The first item was an appeal hearing for a zoning dispute. Seemingly out of thin air, former planner Andrew Smith appeared to represent one of the parties. You could hear the gasps in the room. Bruce Kuehnle (of Fat Mama's fame) represented the other side. It was an interesting hearing, with each side calling the other a liar or some such. I thought both sides gave persuasive presentations, and I would have had trouble deciding who was right. However, when in doubt, I would go with the Zoning Commission, who had thoroughly investigated the matter. (PS. We have some very qualified volunteer members on the City's Preservation, Planning, and Zoning Commissions.) The Board supported its Commission and voted against Andrew, with his two buddies Mathis and Gray abstaining.
There were a number of people in the audience, several of whom were there for our discussion of the casino. However, it was certainly not overwhelming. Of course, the Board did not ask for testimony. We chose to ask to be put on the Agenda, because it is likely the last meeting before they make a decision. They are scheduled to interview both developers next week and make a selection shortly thereafter.
Gwen Ball testified first, and she covered two main issues. She discussed the poll in the Democrat which asked how we wanted the riverfront developed. The majority wanted it as a park or as it is - and only a small percentage wanted a casino. She made copies and passed it out. Of course, it is not a scientific poll, but it probably does roughly reflect public opinion.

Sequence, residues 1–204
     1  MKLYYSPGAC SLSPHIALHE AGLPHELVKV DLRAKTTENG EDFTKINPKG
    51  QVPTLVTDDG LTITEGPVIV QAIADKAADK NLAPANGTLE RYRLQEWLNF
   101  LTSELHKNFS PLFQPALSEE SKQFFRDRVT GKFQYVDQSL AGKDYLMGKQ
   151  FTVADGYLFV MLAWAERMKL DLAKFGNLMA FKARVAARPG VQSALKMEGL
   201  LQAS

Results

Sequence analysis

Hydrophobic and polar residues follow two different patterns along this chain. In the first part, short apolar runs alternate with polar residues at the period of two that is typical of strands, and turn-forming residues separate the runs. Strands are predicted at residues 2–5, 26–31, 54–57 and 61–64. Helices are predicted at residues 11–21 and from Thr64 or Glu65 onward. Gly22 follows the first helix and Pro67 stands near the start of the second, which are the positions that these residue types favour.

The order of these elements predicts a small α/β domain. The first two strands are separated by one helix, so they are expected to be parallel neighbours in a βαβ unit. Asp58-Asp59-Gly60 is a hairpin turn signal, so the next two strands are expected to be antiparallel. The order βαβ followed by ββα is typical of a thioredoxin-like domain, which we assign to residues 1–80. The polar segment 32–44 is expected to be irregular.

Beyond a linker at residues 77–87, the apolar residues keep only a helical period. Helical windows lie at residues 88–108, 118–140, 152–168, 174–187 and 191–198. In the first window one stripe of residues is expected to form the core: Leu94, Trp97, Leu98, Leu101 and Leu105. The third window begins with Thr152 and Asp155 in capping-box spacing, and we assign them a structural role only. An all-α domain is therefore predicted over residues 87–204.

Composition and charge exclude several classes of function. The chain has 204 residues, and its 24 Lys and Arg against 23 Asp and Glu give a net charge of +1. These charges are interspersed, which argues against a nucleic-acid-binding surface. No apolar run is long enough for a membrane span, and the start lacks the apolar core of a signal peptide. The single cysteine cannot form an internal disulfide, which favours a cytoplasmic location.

She also talked about the national legislation giving the National Park Service jurisdiction over the riverfront property. This means that NPS can be of assistance to the City as it looks at options for development. Gwen had talked to Kathleen Jenkins (the local superintendent) who verified that she would be more than happy to make the services of NPS available to the City. Does anyone wish to bet whether the City takes advantage of this invaluable resource?
She was applauded when she finished. I went next, and I've copied my testimony below for your information. Of course, I never exactly follow what I've written, but you'll get the general idea. I got applause too - but mostly laughter!
I have been researching riverfront development across the country, and there are some very exciting examples out there that we could learn from. However, my concern is that Natchez is not following the best practices demonstrated by other successful ventures.This is the information I gave them:
- Other successful developments started with the formation of a citizens advisory group, many of which progressed into permanent nonprofit organizations (usually called something like Friends of the Riverfront or Riverfront Development Corporation) whose mission is the revitalization of the riverfront. Has Natchez done that?
- Other cities commissioned feasibility studies, usually funded through grants, to determine the best use of an extremely valuable property. Has Natchez done that?
- Almost without exception, an environmental impact study was also commissioned. Has Natchez done that?
- Successful developments usually include a variety of venues, all available for public use. Has Natchez done that?
- Thriving riverfronts use professionals to develop and implement marketing plans to attract the best offers. Has Natchez done that?